Configuring Remote Printers

Remote printers require slightly more configuration than local printers. Figure 10.5 shows a configuration window for a remote SMB printer; Figure 10.6 shows one for a remote Unix printer.

Edit Queue

Name and Aliases Queue Type Queue Type:

Driver | Driver Options Windows Printer (SMB Share)

Share:

User:

|hp

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Host IP:

Password:

|1 72.1 6.5.3

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Workgroup:

SYBEXj

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:igure 10.5: Configuring a remote SMB printer

Figure 10.6: Configuring a remote Unix printer

The Queue Type tab for a remote Unix printer has two fields to define the remote computer and the printer on that computer. The Server box requires the hostname of the printer server; the name must be written in a form that your system can resolve to an IP address. The Queue box requires the name of the remote printer as it is defined on the remote server. Note that this doesn't need to be the same as the name that you use locally as the queue name field. The Queue Name value defined on the Name and Aliases tab is your local name for the printer; the Queue value defined on the Queue Type tab is the remote server's name for the printer.

Figure 10.6: Configuring a remote Unix printer

The Queue Type tab for a remote Unix printer has two fields to define the remote computer and the printer on that computer. The Server box requires the hostname of the printer server; the name must be written in a form that your system can resolve to an IP address. The Queue box requires the name of the remote printer as it is defined on the remote server. Note that this doesn't need to be the same as the name that you use locally as the queue name field. The Queue Name value defined on the Name and Aliases tab is your local name for the printer; the Queue value defined on the Queue Type tab is the remote server's name for the printer.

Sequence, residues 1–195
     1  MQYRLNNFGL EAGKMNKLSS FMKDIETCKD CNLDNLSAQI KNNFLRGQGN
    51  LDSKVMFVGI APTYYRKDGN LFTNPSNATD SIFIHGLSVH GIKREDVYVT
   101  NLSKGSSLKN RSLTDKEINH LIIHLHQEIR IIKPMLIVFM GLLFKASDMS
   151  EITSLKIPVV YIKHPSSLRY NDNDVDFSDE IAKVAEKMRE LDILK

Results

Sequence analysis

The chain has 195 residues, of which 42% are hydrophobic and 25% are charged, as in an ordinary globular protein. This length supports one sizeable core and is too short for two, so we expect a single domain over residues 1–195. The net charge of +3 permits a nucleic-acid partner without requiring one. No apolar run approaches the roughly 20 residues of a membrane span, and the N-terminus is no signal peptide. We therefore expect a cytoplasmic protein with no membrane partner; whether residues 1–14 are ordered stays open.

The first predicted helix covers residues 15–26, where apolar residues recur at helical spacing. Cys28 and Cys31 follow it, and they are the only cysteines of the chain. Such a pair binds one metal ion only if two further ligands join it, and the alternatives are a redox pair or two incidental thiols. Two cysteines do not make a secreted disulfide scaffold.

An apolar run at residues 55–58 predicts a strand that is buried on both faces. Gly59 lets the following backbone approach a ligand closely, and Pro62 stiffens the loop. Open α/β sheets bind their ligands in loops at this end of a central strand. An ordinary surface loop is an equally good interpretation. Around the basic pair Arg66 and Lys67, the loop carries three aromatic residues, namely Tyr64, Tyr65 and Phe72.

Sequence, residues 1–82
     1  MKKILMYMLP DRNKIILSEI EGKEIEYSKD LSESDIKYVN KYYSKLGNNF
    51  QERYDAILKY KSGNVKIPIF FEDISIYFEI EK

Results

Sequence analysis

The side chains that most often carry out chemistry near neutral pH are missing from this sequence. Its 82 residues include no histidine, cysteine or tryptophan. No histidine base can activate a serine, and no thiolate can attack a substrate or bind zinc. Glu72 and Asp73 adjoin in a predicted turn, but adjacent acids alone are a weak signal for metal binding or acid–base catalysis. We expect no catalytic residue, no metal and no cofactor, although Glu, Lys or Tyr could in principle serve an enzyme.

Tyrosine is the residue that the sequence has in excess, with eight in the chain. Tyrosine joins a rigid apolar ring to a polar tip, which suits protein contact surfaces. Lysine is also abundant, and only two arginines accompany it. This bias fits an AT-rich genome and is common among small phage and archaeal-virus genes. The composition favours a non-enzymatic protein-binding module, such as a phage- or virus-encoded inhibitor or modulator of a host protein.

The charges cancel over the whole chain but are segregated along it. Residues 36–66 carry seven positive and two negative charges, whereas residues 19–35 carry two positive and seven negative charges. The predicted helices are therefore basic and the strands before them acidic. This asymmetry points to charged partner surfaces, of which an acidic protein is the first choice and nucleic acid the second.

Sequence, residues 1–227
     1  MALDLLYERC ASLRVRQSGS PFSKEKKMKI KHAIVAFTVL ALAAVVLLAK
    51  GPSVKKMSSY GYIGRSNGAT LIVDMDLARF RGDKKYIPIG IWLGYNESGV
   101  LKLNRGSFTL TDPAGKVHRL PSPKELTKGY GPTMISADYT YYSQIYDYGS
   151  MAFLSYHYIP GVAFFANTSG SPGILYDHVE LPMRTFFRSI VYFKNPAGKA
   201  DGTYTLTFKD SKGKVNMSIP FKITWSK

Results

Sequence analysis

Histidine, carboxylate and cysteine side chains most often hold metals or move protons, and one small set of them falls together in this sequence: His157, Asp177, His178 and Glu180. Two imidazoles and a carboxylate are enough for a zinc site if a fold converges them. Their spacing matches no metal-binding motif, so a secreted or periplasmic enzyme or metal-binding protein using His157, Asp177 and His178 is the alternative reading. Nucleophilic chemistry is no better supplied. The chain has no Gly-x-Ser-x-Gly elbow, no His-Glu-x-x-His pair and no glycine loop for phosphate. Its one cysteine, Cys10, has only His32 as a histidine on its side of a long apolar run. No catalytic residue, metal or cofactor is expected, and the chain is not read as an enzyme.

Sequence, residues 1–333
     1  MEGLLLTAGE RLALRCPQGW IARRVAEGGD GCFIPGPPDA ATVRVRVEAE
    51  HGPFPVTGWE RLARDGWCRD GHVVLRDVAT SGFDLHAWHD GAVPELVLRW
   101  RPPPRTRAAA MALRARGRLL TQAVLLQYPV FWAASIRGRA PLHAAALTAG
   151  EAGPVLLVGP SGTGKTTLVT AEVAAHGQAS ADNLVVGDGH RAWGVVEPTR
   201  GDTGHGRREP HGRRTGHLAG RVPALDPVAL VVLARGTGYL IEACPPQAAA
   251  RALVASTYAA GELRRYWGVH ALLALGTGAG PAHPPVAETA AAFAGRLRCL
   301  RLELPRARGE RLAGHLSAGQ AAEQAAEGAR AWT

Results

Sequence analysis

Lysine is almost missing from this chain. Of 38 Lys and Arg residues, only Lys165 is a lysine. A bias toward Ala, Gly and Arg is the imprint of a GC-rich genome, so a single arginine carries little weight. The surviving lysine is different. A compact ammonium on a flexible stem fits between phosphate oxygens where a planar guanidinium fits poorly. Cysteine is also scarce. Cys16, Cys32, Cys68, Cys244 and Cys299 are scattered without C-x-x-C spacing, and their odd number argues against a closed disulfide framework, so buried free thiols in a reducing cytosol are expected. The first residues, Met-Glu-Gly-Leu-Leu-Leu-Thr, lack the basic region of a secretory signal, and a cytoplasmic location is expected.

The SMB printer entry in Figure 10.5 has five fields to define the remote printer:

Share Defines the SMB share name of the printer. This is the name that the remote server advertises for the printer, which is the same name you see when you browse the remote server.

Host IP Specifies the IP address of the server.

Workgroup Specifies the name of the workgroup to which the print server belongs. In the example, the workgroup is named SYBEX.

User Specifies your SMB username on the remote server. This is needed only if the server requires user-level security to access its printers.

Password Specifies the password required by the remote server to access its printers. This is combined with the username for user-level security, but it may be required even when the User field is empty by a server that has share-level security applied to the printer.

In addition to the five dialog boxes, the SMB printer configuration window has a check box for translating each line-feed character to a carriage return plus a line-feed. This is sometimes necessary when dealing with systems that run Windows software.

Figures 10.5 and 10.6 show configuration examples for remote Unix and SMB printers. Yet there are two more types of remote printers that can be used: JetDirect printers and Novell printers. Selecting JetDirect Printer from the queue type causes the system to ask for the IP address of the remote printer and the port number used to communicate with the printer. By default, JetDirect printers listen to port 9100, which should not normally be changed. TCP/IP networking and the basic Linux print commands are all you need to communicate with a JetDirect printer. Novell printers are slightly more complex.

To use a remote Novell printer, you must have the proper NetWare software installed on your system. On our sample Red Hat system, it means that you must install the RPM for the NetWare Core Protocol File System (ncpfs), and you should have the CONFIG_NCP_FS option set when you compile your Linux kernel. If printconf finds nprint (the Novell printer tool from the ncpfs package), you're asked to provide the name of the Novell server, the name of the printer on that server, your Novell username, and your Novell password on the Queue Type tab.

Clearly, in order to successfully configure a printer, you must know the make and model of the printer, what its capabilities are, and how it is connected to the system. Gather this information before you start the configuration process. Although none of this is difficult, it is not obvious unless you have the right information on hand.

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